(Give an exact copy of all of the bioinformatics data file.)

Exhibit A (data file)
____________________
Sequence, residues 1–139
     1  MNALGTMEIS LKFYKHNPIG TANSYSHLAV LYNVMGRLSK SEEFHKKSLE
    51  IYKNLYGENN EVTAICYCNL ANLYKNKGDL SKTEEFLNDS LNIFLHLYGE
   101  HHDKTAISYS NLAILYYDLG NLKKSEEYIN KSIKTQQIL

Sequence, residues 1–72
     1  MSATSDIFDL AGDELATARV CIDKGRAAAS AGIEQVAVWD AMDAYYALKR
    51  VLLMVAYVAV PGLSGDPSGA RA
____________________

Sequence, residues 1–139
     1  MNALGTMEIS LKFYKHNPIG TANSYSHLAV LYNVMGRLSK SEEFHKKSLE
    51  IYKNLYGENN EVTAICYCNL ANLYKNKGDL SKTEEFLNDS LNIFLHLYGE
   101  HHDKTAISYS NLAILYYDLG NLKKSEEYIN KSIKTQQIL

Sequence, residues 1–72
     1  MSATSDIFDL AGDELATARV CIDKGRAAAS AGIEQVAVWD AMDAYYALKR
    51  VLLMVAYVAV PGLSGDPSGA RA